It seems that, to me, both backgrounds and free will matter.
To take a rather extreme example: Adolf Hitler. What if young Hitler's mother hadn't tragically died of sudden, painful cancer when he was in a child in circumstances that appeared to completely disprove her positive views on life (calm, compassionate, and kind) and completely vindicate the negative views on life of his other relatives (that it's all survival of the fittest)? What if, after being utterly shattered, he hadn't had his identity morphed by a horrid atmosphere of militarism and prejudice contaminating him due to family and neighbors? What if his dreams as a young adult got fulfilled in terms of creative work instead of being quashed? What if he hadn't fought for a losing military in a devastating yet pointless war?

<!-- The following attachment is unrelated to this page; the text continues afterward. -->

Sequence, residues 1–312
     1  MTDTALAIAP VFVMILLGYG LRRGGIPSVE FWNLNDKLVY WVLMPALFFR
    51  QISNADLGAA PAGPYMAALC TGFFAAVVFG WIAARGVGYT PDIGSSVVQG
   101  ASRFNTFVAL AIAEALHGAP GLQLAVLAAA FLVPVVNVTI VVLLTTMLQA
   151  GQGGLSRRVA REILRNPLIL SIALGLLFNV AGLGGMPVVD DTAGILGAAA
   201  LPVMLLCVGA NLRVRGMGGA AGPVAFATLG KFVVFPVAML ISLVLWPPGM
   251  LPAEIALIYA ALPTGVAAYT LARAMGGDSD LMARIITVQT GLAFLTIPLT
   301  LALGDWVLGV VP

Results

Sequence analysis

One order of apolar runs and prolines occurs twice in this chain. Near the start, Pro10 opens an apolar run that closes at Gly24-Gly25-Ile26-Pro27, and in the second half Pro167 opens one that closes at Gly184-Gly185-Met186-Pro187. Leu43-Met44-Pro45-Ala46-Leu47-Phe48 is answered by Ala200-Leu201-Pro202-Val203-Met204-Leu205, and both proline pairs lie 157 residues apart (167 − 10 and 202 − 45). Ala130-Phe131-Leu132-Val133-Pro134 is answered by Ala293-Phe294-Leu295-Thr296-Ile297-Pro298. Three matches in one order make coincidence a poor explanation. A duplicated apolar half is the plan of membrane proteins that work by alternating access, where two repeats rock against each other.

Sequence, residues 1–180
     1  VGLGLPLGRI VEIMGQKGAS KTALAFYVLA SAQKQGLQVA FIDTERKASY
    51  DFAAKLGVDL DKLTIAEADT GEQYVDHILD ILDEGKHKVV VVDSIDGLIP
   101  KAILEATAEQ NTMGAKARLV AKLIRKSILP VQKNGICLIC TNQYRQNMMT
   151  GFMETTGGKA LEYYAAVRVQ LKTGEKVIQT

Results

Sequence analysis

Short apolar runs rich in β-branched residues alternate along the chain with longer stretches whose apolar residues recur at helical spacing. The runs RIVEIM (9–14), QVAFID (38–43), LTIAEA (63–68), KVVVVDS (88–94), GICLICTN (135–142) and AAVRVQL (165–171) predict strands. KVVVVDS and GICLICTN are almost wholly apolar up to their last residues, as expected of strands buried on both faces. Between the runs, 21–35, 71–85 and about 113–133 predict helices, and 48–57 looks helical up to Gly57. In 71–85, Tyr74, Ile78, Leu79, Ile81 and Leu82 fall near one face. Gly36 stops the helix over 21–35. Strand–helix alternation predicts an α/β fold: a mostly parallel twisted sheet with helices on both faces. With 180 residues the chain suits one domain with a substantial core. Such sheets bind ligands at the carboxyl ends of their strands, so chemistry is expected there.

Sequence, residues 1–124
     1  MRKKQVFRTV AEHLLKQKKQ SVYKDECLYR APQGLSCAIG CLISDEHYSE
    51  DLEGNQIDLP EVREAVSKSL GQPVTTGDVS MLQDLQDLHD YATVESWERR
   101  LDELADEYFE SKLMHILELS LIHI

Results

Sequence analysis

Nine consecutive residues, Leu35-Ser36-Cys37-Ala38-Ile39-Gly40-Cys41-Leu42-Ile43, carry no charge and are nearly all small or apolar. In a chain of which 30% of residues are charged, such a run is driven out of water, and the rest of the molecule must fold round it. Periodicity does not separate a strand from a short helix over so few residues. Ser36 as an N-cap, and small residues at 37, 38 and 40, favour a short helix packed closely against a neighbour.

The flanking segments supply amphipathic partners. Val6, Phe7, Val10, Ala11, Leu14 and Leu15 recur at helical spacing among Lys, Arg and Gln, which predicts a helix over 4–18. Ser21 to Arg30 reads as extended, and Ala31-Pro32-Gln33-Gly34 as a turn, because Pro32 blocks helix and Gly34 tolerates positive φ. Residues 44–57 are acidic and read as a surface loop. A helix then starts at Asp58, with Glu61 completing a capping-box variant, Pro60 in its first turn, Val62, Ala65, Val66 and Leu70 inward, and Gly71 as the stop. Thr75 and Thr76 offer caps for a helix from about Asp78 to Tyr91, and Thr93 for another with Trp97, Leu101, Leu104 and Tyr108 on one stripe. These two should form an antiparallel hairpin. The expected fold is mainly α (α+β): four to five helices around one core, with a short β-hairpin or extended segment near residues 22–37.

It's all important. At the same time, no God of Fate forced him to join the budding Nazi Party. Nobody made him decide to adopt his ideology and achieve his aims. He was put into a terrible position, and he freely chose to not just wallow in it but use his hurt in order to harm others.
I think that the situation of somebody such as, say, Sandy Hook shooter Adam Lanza, who suffered from especially severe autism to the point that normal human interaction wasn't possible for him... it's comparable. One regrets that he certainly had the background he had, facing the isolation that he did. At the same time, it still all boils down to this: choices. Nobody put a gun in his hand. He did that to himself.